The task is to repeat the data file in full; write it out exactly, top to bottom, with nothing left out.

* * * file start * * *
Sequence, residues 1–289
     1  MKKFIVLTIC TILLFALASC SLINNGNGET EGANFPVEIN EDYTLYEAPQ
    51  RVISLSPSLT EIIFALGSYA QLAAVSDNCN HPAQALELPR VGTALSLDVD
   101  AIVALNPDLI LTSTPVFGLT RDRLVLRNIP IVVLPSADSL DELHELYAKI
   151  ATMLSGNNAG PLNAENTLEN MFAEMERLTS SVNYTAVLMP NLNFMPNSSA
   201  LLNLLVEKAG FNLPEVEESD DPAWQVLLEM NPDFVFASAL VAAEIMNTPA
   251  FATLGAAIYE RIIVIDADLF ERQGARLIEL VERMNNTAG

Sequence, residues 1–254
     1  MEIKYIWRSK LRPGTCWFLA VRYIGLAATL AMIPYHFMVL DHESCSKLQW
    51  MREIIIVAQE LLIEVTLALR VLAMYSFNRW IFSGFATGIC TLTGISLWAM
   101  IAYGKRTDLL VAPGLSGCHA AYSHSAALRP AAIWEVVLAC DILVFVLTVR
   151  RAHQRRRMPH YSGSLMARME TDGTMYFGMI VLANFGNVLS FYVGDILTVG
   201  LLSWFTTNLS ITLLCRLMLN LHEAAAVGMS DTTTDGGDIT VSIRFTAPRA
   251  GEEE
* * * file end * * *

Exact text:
Sequence, residues 1–289
     1  MKKFIVLTIC TILLFALASC SLINNGNGET EGANFPVEIN EDYTLYEAPQ
    51  RVISLSPSLT EIIFALGSYA QLAAVSDNCN HPAQALELPR VGTALSLDVD
   101  AIVALNPDLI LTSTPVFGLT RDRLVLRNIP IVVLPSADSL DELHELYAKI
   151  ATMLSGNNAG PLNAENTLEN MFAEMERLTS SVNYTAVLMP NLNFMPNSSA
   201  LLNLLVEKAG FNLPEVEESD DPAWQVLLEM NPDFVFASAL VAAEIMNTPA
   251  FATLGAAIYE RIIVIDADLF ERQGARLIEL VERMNNTAG

Sequence, residues 1–254
     1  MEIKYIWRSK LRPGTCWFLA VRYIGLAATL AMIPYHFMVL DHESCSKLQW
    51  MREIIIVAQE LLIEVTLALR VLAMYSFNRW IFSGFATGIC TLTGISLWAM
   101  IAYGKRTDLL VAPGLSGCHA AYSHSAALRP AAIWEVVLAC DILVFVLTVR
   151  RAHQRRRMPH YSGSLMARME TDGTMYFGMI VLANFGNVLS FYVGDILTVG
   201  LLSWFTTNLS ITLLCRLMLN LHEAAAVGMS DTTTDGGDIT VSIRFTAPRA
   251  GEEE